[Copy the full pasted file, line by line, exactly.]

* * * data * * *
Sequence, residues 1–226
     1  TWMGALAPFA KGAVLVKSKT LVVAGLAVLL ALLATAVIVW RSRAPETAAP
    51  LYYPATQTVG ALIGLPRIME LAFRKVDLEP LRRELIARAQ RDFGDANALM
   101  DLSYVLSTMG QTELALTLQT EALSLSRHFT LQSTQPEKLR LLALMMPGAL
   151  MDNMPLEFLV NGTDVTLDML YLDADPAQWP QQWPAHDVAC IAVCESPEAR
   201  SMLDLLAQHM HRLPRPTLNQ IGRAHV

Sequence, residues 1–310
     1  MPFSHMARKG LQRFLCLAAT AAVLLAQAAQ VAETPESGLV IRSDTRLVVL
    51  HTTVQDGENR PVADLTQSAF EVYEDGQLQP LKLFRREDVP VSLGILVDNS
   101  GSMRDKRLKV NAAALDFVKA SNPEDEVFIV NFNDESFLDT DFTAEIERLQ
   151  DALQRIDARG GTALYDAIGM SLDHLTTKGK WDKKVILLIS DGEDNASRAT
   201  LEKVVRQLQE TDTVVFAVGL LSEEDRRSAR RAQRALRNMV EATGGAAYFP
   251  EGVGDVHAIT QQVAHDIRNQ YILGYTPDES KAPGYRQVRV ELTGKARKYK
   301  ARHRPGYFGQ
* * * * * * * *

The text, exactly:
Sequence, residues 1–226
     1  TWMGALAPFA KGAVLVKSKT LVVAGLAVLL ALLATAVIVW RSRAPETAAP
    51  LYYPATQTVG ALIGLPRIME LAFRKVDLEP LRRELIARAQ RDFGDANALM
   101  DLSYVLSTMG QTELALTLQT EALSLSRHFT LQSTQPEKLR LLALMMPGAL
   151  MDNMPLEFLV NGTDVTLDML YLDADPAQWP QQWPAHDVAC IAVCESPEAR
   201  SMLDLLAQHM HRLPRPTLNQ IGRAHV

Sequence, residues 1–310
     1  MPFSHMARKG LQRFLCLAAT AAVLLAQAAQ VAETPESGLV IRSDTRLVVL
    51  HTTVQDGENR PVADLTQSAF EVYEDGQLQP LKLFRREDVP VSLGILVDNS
   101  GSMRDKRLKV NAAALDFVKA SNPEDEVFIV NFNDESFLDT DFTAEIERLQ
   151  DALQRIDARG GTALYDAIGM SLDHLTTKGK WDKKVILLIS DGEDNASRAT
   201  LEKVVRQLQE TDTVVFAVGL LSEEDRRSAR RAQRALRNMV EATGGAAYFP
   251  EGVGDVHAIT QQVAHDIRNQ YILGYTPDES KAPGYRQVRV ELTGKARKYK
   301  ARHRPGYFGQ